Telling America's story in pictures is a particularly American thing to do. We're a visual people, and U.S. history can seem like an epic newsreel set to a jazz and rock-'n'-roll sound track.
Telling America's story in pictures is also something Time has been doing exceptionally well for all of our 84 years. And this week we are publishing America: An Illustrated History, a mesmerizing 272-page book that charts the great sweep of the American narrative in rich and indelible images.
Our editors pored over the archives of Time and Life magazines, the collections of the U.S. Library of Congress and of state and regional historical societies, and rarely seen private collections to produce a comprehensive visual chronicle of America's journey from its birth as an idea 400 years ago in the Jamestown settlement to how we vote on American Idol. The more than 600 images range from the intimate back rooms of history to the grandest of public moments. We see a young Teddy Roosevelt watching through a window as Abraham Lincoln's funeral cortege marches down New York City's Fifth Avenue as well as Martin Luther King Jr. transfixing hundreds of thousands on the Mall in Washington.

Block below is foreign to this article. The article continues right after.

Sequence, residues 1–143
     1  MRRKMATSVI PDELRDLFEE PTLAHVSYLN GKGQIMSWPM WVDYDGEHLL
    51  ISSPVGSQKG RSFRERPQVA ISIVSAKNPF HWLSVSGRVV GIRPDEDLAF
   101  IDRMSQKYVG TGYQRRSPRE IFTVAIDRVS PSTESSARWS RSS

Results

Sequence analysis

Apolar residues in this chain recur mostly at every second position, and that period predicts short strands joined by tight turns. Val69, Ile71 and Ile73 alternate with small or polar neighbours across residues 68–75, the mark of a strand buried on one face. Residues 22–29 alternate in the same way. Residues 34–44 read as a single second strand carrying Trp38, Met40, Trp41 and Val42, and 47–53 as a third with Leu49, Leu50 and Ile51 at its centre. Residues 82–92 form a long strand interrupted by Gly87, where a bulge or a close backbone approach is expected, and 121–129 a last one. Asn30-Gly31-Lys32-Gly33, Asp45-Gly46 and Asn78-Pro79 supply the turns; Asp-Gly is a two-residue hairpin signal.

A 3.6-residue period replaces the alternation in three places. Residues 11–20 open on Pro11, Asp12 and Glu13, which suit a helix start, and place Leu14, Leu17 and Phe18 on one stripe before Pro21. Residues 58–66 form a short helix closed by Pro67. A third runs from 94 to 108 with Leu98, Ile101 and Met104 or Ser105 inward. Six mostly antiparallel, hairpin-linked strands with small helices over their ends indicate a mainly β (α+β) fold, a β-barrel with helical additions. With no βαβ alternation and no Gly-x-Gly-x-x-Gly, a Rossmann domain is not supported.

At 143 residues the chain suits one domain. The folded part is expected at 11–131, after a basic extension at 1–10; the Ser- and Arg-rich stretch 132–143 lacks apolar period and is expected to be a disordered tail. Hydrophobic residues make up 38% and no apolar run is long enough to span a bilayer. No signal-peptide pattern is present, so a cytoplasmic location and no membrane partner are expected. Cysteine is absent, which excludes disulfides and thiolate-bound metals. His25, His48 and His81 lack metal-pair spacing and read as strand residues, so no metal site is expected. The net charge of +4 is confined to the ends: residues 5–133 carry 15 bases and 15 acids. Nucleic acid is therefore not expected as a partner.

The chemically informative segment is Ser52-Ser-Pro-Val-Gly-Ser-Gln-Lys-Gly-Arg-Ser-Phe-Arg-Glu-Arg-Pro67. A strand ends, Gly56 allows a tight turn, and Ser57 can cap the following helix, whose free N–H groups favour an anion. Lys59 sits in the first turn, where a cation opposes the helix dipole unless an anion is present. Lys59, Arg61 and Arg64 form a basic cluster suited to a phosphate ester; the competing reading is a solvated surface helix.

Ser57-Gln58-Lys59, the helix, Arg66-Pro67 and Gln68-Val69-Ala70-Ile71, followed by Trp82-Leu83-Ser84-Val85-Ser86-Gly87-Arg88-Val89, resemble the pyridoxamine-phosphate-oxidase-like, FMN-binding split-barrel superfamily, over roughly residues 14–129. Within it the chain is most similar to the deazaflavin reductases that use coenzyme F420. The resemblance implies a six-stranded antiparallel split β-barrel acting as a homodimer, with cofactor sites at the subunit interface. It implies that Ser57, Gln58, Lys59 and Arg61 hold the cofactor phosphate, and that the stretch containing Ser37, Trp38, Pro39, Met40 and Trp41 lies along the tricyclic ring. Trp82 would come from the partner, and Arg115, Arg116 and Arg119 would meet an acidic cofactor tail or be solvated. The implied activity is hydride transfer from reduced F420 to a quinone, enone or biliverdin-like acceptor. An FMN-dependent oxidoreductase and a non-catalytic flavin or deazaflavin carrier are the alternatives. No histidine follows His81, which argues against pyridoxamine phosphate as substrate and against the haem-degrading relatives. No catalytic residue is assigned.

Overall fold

A photography book about U.S. history produced by Time is a perfect combination: photography is the most democratic of art forms, and Time has always been about explaining America to ourselves. "I contain multitudes," Walt Whitman boasted, and so does this book: a multitude of ideas, people, places, disasters and dreams. "The United States," Whitman wrote, "is essentially the greatest poem." We just combined that poetry with pictures.